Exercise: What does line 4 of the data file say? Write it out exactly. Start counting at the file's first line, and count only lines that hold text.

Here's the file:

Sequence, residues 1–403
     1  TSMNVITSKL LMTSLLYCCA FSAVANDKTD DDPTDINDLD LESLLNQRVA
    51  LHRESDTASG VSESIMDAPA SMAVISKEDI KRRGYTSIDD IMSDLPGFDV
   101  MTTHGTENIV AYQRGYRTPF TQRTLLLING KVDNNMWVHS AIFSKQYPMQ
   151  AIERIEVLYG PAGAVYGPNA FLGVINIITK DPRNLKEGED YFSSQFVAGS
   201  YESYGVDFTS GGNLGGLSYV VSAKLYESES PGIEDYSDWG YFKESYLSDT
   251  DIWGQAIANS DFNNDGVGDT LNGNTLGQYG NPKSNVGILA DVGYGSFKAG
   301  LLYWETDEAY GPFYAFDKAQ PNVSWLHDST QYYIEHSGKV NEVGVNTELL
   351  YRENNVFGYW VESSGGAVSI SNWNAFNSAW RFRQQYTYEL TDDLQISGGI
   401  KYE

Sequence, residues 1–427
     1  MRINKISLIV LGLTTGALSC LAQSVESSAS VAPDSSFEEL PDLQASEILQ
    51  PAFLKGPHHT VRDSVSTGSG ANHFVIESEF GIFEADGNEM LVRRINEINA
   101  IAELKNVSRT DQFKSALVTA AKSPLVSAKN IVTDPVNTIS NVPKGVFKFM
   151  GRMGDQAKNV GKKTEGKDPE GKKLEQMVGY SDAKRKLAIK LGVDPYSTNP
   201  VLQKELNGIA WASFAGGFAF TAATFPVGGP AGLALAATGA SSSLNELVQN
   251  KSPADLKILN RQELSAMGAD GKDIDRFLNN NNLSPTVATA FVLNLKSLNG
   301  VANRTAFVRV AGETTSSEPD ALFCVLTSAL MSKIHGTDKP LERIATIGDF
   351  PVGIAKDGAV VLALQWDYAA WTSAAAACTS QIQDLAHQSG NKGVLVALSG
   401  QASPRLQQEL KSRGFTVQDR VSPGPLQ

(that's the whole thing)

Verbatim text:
   101  MTTHGTENIV AYQRGYRTPF TQRTLLLING KVDNNMWVHS AIFSKQYPMQ